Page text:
Grape hyacinths rise in early spring with sweet little clusters of purple and sometimes white flowers. They are prolific bloomers which naturalize easily and arrive year after year. The plants can get out of hand over time and removal is a process that requires persistence. Fear not. There is a method and a plan for removing grape hyacinths.
Grape Hyacinth Weeds
Grape hyacinth produces numerous seeds once the blooms are spent and bulbets are formed off the parent bulbs for future flowers. This allows grape hyacinth plants to spread rapidly and sometimes out of control. Grape hyacinth weeds infest untilled fields and garden beds alike and may rely upon sequential grape hyacinth control for complete removal.
Most grape hyacinth bulbs are planted on purpose with the intention of brightening up the front path or spring flower bed, but the ease with which this plant reproduces can make it a real nuisance in some instances and its invasive abilities are a threat to crop land.
Grape hyacinth control will necessitate the removal of seed heads before they produce viable seed and extraction of as many bulbs as possible. Because the plants are able to make many tiny bulbs off the main one, it can be almost impossible to find them all in a season. Complete elimination may take years.
Grape Hyacinth Control
The first step to get rid of grape hyacinth is to remove seed scapes after the flower petals have fallen. Although it takes at least 4 years for the little seedlings to form flowers, the seeds will eventually restart the hyacinth take over.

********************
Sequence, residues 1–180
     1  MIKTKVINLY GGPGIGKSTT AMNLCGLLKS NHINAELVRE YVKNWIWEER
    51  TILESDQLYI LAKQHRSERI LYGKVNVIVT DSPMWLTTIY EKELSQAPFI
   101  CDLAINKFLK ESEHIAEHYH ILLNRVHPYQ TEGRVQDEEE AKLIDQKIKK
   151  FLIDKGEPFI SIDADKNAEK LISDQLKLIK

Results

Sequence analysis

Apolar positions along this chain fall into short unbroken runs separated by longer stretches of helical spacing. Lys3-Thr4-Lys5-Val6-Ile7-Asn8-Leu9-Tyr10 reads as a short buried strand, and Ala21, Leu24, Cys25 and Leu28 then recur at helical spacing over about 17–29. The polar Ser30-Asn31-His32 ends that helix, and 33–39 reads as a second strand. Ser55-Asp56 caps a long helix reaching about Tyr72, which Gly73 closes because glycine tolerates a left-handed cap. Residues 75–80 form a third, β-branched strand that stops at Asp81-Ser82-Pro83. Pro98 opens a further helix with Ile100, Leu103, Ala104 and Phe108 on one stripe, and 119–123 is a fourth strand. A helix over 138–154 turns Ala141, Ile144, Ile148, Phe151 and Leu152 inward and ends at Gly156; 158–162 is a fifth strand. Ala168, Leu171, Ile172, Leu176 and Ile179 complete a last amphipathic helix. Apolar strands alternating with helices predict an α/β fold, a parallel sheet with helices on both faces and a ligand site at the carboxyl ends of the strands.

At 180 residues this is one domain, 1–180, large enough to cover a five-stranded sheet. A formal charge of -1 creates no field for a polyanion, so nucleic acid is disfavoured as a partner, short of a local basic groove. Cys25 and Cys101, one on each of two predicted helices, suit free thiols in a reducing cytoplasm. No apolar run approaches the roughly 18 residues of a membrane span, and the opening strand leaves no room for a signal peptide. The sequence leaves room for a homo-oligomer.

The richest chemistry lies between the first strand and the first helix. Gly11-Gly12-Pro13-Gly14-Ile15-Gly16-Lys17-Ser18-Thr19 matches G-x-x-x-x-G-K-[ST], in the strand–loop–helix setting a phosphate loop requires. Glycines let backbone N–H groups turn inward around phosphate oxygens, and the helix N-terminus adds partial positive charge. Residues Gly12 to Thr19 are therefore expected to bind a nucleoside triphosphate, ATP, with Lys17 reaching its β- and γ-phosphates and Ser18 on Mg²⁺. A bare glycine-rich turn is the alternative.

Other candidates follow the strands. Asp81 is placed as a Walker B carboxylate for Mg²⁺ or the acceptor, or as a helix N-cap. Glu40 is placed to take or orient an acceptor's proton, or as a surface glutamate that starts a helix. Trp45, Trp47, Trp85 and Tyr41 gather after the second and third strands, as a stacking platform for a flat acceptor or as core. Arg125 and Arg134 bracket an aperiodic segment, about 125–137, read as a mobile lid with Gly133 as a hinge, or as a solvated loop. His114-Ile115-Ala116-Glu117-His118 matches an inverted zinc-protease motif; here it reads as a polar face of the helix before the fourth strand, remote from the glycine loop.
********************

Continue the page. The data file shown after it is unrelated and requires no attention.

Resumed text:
Pull the leaves as well, as these are giving solar energy to turn to starch, which is then stored for the next year’s growth in the bulbs and bulbets. Normally, leaving the foliage until it has died back is recommended, but in this case, it is just adding fuel to the fire. You can also use a propane weed torch and burn off the greens. This method will require several years for complete success but eventually the plants will die.
Getting Rid of Grape Hyacinth Bulbs Manually
Removing grape hyacinths manually is a bit of a chore but works better than herbicide use. This is because the bulbs and bulbets have a waxy coating which helps protect them in winter, but also erects an effective barrier against chemicals. Dig at least 6 inches down and pull out as many of the bulbs as possible.
Removing grape hyacinths completely is a challenge because it is hard to spot every single bulb. If you want to be meticulous, allow the foliage to grow in spring and then follow each and every leaf to its bulb or bulbet source. That is a bit intense for most gardeners, so some follow up is usually necessary the following season and possibly even the next.
Chemical Warfare to Get Rid of Grape Hyacinth
A 20 percent horticultural vinegar applied to the leaves will kill the foliage, leaving the bulbs weak. A better way to get rid of grape hyacinth is with glyphosate, which is found in many weed killers including Roundup. It is systemic, so you will actually need to leave the foliage untouched on the plants.
Spray at the rate recommended on the bottle on a windless, mild day. Be careful because this method of grape hyacinth control is non-specific and can kill other plants if the chemical spray gets on their leaves.